Premier Tom Marshall has promised a review of the act about one year earlier than was required by law because of complaints about amendments that were made two years ago in Bill 29.
Those changes blocked the release of ministerial briefing notes, increased protections for cabinet records, hiked fees and allowed ministers to reject requests as frivolous.
Marshall made the independent review a priority for the government, announcing he would look for three experts at his first cabinet meeting as interim premier after Kathy Dunderdale resigned in January.
The three-member review panel consists of Clyde Wells, a former premier and chief justice of the province's Supreme Court; Jennifer Stoddart, who was Canada's privacy commissioner from 2003 to 2013; and Doug Letto, a journalist who recently retired from the CBC.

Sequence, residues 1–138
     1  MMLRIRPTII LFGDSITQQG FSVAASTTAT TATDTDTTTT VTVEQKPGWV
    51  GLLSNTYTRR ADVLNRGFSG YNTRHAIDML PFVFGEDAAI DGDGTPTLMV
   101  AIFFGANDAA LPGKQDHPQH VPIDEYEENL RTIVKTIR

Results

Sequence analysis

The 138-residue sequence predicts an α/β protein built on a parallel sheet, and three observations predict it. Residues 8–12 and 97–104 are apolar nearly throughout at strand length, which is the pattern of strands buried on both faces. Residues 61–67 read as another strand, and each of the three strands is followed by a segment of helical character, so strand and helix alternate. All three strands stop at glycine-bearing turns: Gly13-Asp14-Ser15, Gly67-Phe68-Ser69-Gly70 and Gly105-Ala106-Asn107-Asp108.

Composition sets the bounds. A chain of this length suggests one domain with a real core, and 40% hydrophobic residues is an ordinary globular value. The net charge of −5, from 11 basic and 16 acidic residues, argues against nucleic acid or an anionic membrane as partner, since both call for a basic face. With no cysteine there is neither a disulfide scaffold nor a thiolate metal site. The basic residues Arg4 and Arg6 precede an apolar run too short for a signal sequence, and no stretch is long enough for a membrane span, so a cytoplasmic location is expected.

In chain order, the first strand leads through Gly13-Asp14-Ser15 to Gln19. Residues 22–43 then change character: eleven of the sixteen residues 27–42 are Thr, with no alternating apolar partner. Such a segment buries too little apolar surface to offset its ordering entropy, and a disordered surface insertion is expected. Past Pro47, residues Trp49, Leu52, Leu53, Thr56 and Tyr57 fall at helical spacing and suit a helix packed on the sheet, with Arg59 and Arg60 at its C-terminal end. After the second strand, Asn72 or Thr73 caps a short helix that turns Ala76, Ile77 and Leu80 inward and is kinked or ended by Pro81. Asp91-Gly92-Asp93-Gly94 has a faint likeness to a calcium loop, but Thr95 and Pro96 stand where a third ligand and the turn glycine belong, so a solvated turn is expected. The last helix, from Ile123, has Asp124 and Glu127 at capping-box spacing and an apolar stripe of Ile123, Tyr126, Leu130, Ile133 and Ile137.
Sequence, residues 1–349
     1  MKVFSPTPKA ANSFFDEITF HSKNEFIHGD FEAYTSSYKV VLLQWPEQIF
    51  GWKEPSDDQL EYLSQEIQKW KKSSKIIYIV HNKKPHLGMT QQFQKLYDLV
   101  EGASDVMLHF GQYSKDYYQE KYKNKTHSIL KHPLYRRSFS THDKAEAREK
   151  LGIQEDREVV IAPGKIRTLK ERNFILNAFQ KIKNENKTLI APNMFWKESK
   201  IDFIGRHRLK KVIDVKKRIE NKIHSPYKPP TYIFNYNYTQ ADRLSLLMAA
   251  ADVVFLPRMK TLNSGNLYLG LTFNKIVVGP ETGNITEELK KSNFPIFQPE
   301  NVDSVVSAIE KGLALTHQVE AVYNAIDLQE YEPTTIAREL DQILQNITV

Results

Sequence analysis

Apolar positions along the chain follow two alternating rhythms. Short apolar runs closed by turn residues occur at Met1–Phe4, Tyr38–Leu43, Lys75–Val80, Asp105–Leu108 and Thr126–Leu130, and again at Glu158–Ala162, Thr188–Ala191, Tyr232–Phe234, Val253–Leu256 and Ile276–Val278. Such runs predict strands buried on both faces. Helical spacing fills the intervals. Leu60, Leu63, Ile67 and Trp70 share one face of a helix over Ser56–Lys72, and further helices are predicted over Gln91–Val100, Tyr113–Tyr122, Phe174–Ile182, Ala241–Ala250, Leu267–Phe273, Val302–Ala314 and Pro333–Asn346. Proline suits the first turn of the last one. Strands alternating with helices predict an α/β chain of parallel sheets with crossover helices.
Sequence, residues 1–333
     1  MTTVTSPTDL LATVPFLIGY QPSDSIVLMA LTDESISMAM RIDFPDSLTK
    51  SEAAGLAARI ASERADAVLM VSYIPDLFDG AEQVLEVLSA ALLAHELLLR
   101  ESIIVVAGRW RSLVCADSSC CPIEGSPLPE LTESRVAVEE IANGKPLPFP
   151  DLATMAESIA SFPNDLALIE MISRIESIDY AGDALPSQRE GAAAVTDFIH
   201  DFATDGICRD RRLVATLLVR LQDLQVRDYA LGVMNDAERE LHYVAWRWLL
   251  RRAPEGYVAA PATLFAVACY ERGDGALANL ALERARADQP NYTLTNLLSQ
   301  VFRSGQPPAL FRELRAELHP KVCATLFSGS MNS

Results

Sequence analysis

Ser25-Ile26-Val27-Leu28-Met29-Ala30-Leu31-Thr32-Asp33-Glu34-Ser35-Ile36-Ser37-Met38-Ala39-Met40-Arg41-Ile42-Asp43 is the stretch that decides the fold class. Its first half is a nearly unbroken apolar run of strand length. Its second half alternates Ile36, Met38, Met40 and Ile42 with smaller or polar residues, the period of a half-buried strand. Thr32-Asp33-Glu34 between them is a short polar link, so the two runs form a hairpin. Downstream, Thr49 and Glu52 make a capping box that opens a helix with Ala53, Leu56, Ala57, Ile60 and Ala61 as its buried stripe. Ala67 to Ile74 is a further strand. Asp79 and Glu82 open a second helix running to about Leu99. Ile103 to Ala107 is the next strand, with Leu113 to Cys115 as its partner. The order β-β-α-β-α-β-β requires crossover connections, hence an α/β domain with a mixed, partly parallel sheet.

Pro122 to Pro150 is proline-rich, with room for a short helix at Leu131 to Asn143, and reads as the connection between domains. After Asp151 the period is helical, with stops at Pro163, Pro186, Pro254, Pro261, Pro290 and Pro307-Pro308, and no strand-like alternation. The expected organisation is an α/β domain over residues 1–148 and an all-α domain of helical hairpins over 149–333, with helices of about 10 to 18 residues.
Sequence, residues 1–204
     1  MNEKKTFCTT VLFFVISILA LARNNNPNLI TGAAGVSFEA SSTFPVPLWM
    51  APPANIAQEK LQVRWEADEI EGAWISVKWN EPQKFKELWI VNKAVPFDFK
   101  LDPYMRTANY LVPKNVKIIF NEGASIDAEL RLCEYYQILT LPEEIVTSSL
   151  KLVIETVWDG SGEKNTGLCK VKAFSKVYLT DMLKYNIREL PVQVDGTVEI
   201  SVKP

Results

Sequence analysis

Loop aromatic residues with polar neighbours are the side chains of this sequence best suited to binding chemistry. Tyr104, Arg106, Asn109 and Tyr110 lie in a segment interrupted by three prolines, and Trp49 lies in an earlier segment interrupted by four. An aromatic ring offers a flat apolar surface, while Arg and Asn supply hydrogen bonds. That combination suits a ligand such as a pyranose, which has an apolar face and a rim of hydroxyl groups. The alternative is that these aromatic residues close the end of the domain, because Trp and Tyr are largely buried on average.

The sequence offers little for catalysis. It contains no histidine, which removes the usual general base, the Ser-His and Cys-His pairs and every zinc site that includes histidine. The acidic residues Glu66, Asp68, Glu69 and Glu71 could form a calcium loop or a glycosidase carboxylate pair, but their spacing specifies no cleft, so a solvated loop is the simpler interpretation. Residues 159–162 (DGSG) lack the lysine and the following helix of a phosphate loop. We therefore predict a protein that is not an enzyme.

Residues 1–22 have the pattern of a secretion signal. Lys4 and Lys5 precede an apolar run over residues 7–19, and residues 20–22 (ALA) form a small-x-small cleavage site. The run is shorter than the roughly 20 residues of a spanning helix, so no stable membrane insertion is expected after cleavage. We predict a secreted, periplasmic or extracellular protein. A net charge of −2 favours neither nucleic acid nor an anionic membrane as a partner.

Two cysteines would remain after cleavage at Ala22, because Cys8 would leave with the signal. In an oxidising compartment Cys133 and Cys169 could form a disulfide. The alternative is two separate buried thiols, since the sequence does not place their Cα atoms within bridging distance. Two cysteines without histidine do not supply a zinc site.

The government says it expects the panel to engage residents and groups interested in freedom of information and the protection of privacy over the next several months.
"If there are specific concerns for residents, we want the committee to hear them," Steve Kent, the minister responsible for the office of public engagement, said in a statement. "Through this process, we will gain valuable insight into ways in which we can improve our access to information and protection of privacy legislation."
No date has been given for the review's completion, but Marshall has said he's hoping it will produce a report by the fall.